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January 1st, 2009

What are you missing?

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This is something that has been going around the internet again and was sent to me by one of my subscribers:

A man sat at a metro station in Washington DC and started to play the violin; it was a cold January morning. He played six Bach pieces for about 45 minutes. During that time, since it was rush hour, it was calculated that thousands of people went through the station, most of them on their way to work.

Three minutes went by and a middle aged man noticed there was musician playing. He slowed his pace and stopped for a few seconds and then hurried up to meet his schedule.

A minute later, the violinist received his first dollar tip: a woman threw the money in the till and without stopping continued to walk.

A few minutes later, someone leaned against the wall to listen to him, but the man looked at his watch and started to walk again. Clearly he was late for work.

The one who paid the most attention was a 3 year old boy. His mother tagged him along, hurried but the kid stopped to look at the violinist. Finally the mother pushed hard and the child continued to walk turning his head all the time. This action was repeated by several other children. All the parents, without exception, forced them to move on.

In the 45 minutes the musician played, only 6 people stopped and stayed for a while. About 20 gave him money but continued to walk their normal pace. He collected $32. When he finished playing and silence took over, no one noticed it. No one applauded, nor was there any recognition.

No one knew this but the violinist was Joshua Bell, one of the best musicians in the world. He played one of the most intricate pieces ever written with a violin worth 3.5 million dollars.

Two days before his playing in the subway, Joshua Bell sold out at a theater in Boston and the seats average $100.

This is a real story. Joshua Bell playing incognito in the metro station was organized by the Washington Post as part of an social experiment about perception, taste and priorities of people. The outlines were: in a commonplace environment at an inappropriate hour: Do we perceive beauty? Do we stop to appreciate it? Do we recognize the talent in an unexpected context?

 One of the possible conclusions from this experience could be:

If we do not have a moment to stop and listen to one of the best musicians in the world playing the best music ever written, how many other things are we missing?

So maybe now it the time to to pause and think about what you love… and do that. Call a old friend or relative you haven't talked to in a while. Go for a hike or walk. Read a good novel. Make a great meal. Listen to some amazing music that fills your heart. Love yourself.

Comments

  1. Persephone Underwood says:

    I love this story because it so accurately depicts how most of us go about living our lives. We never stop to accept and appreciate beauty giving freely without a price attached to it. If he had announced he was Joshua Bell I am sure the reply would have been, “Who you kidding? Man, Johua Bell don’t play in a subway station.
    On the other hand if one of those anonymous faces had to pay $100 for a ticket to her him they would have dones so, gladly. I guess the edict we only appreciate what we pay dearly for, is true. Shame!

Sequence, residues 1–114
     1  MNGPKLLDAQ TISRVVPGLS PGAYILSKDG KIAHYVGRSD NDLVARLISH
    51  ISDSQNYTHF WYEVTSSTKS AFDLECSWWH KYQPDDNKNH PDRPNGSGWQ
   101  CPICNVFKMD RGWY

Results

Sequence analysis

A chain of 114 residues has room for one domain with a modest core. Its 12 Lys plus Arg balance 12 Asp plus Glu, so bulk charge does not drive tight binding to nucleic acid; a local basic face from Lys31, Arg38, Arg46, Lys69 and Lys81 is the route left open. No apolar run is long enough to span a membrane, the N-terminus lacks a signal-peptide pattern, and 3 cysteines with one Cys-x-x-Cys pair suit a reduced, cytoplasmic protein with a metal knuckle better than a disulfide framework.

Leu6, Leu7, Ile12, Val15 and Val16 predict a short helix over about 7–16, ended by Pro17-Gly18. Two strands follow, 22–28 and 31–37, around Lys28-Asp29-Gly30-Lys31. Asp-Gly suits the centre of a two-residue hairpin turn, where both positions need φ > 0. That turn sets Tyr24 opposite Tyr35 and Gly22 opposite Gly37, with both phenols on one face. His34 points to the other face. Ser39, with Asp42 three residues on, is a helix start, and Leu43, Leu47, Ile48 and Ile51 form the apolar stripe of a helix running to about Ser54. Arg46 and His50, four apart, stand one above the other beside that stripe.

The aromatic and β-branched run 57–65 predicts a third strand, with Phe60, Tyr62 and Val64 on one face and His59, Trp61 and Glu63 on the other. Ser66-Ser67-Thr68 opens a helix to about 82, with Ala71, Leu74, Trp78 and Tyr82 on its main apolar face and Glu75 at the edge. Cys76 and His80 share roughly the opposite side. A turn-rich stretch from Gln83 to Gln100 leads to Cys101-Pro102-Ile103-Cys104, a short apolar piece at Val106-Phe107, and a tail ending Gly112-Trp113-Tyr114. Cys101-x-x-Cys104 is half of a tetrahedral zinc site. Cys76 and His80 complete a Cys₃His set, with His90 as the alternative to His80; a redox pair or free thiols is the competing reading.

2. Ivette says:

    thank you for that inspiring story. Yes, we should stop and take the time to enjoy the beauty our environment has to offer us. Again, thank you.

  3. Doug Daniels says:

    This story doesn’t surprise me.
    In the radio business many a program director will dismiss anything that hasn’t been releasesd on a “major label”.
    NO ONE starts on a “major” anything! Few “start” in “major” motion pictures or play on “major” league teams. Talent is talent and it is found everywhere. It comes in all shapes and sizes…colors; genders; nationalities and faiths.
    Very few of the world’s most inspirational people started with the proverbial silver spoon.
    The best thing a person can do today (or any day) is to simply…stop…be still…look…listen…breathe…the magic in is the gap…in the space.
    Here’s to a great 2009 and beyond for one and all!
    ~Doug

  4. Trish Chipchura says:

    I love this story as it depicts how the young are able to seek out the joys around us. Sadly as many of us age, we have muted ourselves to the abundant beauty of life around us…always rushing to get somewhere we don’t necessarily want to be.
    My sister met up with one of her daughter’s friends just before Christmas. She only had time for a quick but enthusiastic hello as she was prompted to rush off to her next errand. Happy to have been reunited with this college student as she was visiting home before the holdiays, she was deeply saddened to hear that the girl took her own life just days before Christmas.
    We never know of the opportunities we are given in life if we are too busy to stop and explore our gifts. Whether it is the Joshua Bell’s or the girl next door…We should remind ourselves daily that “Life is not a race and that we never get it done.”
    Thanks for the reminder that we need to be more intuitive like children and slow down to embrace the treasure hunt that life is…
    Blessings to you all. May 2009 guide us to take the time to find the treasures in our lives! xoxo
    Trish

  5. I was walking through Central Park in NYC and came across a man playing the bassoon at the entrance to the tunnel directly behind the Museum of Natural History, and indeed most people just passed him by as well.
    He was not a nationally known performer, but amazingly talented nonetheless. The acoustics lent by the tunnel made for an incredible musical experience.
    I spent a very happy half hour listening to him but could just as easily have passed him by if I had not been aware of the present moment that we all live in.